Ontario is inextricably linked to the auto industry but not for long if Kathleen Wynne has her way. She’s about to make a big push to get us all driving electric or hybrid cars, though almost none are made here, and even this pales in comparison to her next plan.
Yesterday, I discussed a Globe & Mail story that Wynne’s Environment Minister Glenn Murray all but confirmed in a speech to the Economic Club - Ontario wants you to get rid of your current car and buy an electric one.
Most of the cars sold in Ontario are not made here but this move signals to any industry that remains, you’re not welcome here.
Not a single electric car is made in Ontario. Toyota makes a Lexus hybrid in Woodstock but Wynne wants 1.7 million electric vehicles sold in the province in the next eight years. Even if they could convince one of the manufacturers to make an electric car here, it would be years before they ever rolled off the line.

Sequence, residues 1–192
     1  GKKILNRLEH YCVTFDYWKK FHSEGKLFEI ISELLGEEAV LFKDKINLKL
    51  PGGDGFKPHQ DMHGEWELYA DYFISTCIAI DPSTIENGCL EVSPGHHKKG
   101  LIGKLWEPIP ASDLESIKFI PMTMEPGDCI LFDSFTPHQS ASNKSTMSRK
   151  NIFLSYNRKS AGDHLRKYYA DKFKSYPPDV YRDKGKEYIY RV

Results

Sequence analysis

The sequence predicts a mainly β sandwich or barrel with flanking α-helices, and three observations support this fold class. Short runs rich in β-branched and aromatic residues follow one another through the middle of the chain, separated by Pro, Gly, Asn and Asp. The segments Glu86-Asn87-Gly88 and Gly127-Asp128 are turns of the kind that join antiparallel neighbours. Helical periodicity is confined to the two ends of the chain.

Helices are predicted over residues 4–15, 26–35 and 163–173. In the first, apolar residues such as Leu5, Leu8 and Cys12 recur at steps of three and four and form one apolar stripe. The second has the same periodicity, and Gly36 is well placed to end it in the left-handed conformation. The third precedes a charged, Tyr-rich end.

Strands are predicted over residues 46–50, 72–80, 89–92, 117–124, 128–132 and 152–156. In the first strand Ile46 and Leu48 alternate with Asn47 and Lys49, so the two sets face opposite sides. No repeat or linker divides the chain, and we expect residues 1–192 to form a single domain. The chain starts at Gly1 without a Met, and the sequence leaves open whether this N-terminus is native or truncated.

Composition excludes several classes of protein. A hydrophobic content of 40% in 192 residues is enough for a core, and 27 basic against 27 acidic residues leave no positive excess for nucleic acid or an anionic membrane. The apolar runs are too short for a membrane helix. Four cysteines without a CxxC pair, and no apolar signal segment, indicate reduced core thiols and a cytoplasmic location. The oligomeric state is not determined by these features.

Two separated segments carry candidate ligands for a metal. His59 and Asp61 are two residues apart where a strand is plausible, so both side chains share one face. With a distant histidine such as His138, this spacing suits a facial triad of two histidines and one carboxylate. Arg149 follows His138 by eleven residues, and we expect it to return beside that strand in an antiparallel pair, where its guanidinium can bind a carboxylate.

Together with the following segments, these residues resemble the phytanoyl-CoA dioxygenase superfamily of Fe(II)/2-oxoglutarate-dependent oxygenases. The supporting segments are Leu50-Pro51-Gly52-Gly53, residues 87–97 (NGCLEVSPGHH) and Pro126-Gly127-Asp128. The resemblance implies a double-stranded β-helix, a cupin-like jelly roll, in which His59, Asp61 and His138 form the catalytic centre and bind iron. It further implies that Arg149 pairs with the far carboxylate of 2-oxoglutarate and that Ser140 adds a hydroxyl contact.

Last year 778,000 new vehicles were sold in Ontario, mostly commercial vehicles with 284,000 being passenger vehicles. To reach Wynne’s goal would mean roughly three quarters of all new vehicles sold in Ontario over the next eight years would have to be electric.
If that happened, what would it do to the top selling Honda Civic, Toyota Corrolla or Dodge Grand Caravan, all made here in Ontario? It would seriously harm the future of those assembly line jobs plus other jobs in the parts sector that rely on those jobs.
The auto industry has told the government their plans are unreasonable and Murray’s response was to threaten them and tell them off.
This government will act even if it hurts the people they collect taxes from. Tax money already goes from those that build cars to subsidize the electric car industry even announcing they’ll invest $20 million to build 500 charging stations for those vehicles!
Couple this with existing subsidies of up to $14,000 per car and whatever else is coming in Wynne’s climate change plan and one thing is clear - Kathleen Wynne’s government will forge ahead even if it hurts the most important industry in the province.